Similar to other reporting tools like Tableau, you can connect multiple data sources to Data Studio and create customized visualizations. You can even get granular with stylization. But, while it’s nice to be able to make reports look pretty, it’s equally important to focus on the data. Remember why we’re creating reports in the first place – to visualize data in ways that make it valuable and actionable for its audiences. Like any reporting or implementation efforts, it can help to have a strategy for Data Studio before you dive in.
The first step, if you haven’t done this already, is to identify the goals for your website – this is a must! Determine what data you’ll use to measure goal achievement; different users or teams may have their own goals and metrics that they use for measurement and analysis. If you don’t have an idea of what you hope to accomplish with your website, it will be difficult to visualize success.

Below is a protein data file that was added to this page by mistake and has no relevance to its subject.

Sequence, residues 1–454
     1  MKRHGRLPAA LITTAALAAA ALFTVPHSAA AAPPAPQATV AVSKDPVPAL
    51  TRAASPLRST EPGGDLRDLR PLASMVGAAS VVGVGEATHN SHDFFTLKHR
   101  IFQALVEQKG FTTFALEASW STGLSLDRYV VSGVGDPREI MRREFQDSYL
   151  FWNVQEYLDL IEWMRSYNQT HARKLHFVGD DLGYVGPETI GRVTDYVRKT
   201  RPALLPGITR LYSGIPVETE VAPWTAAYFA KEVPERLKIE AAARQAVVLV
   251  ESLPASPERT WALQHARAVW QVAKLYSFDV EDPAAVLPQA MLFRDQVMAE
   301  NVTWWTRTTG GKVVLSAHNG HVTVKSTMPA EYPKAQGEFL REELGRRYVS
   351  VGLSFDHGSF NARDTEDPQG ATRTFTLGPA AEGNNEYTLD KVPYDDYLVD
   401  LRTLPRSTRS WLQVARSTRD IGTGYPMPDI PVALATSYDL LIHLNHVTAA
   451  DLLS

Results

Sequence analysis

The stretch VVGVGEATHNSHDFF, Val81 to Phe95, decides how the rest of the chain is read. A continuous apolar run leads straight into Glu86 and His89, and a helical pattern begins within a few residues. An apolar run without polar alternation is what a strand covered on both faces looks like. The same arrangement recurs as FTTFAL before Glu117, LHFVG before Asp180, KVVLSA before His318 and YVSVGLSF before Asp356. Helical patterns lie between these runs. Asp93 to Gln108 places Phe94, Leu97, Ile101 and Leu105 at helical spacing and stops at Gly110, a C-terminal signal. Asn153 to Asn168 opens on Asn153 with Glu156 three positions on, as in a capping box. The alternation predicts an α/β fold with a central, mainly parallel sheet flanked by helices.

In addition to pinning down your objectives, you’ll want to make sure you have systems in place to collect the right data, whether through Google Analytics or another source. By establishing key metrics early on, you’ll have direction when building reports later.
Will Data Studio be used as the final data visualization, or do reports still need to be shared in a different format? Identify who will be using the data and in what applications. There are often many people using datasets to measure their achievements and contribution to reaching goals.
Data Studio works well for situations like the following: